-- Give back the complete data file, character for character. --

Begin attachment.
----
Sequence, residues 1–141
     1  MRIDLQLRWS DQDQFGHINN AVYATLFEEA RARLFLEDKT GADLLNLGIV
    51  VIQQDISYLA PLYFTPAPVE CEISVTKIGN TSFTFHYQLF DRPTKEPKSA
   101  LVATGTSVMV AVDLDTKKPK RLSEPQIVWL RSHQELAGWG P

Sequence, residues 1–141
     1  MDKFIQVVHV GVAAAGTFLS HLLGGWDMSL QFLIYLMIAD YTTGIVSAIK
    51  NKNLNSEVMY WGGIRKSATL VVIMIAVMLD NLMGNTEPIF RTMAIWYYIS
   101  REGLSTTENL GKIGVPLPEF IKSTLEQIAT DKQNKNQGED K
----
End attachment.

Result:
Sequence, residues 1–141
     1  MRIDLQLRWS DQDQFGHINN AVYATLFEEA RARLFLEDKT GADLLNLGIV
    51  VIQQDISYLA PLYFTPAPVE CEISVTKIGN TSFTFHYQLF DRPTKEPKSA
   101  LVATGTSVMV AVDLDTKKPK RLSEPQIVWL RSHQELAGWG P

Sequence, residues 1–141
     1  MDKFIQVVHV GVAAAGTFLS HLLGGWDMSL QFLIYLMIAD YTTGIVSAIK
    51  NKNLNSEVMY WGGIRKSATL VVIMIAVMLD NLMGNTEPIF RTMAIWYYIS
   101  REGLSTTENL GKIGVPLPEF IKSTLEQIAT DKQNKNQGED K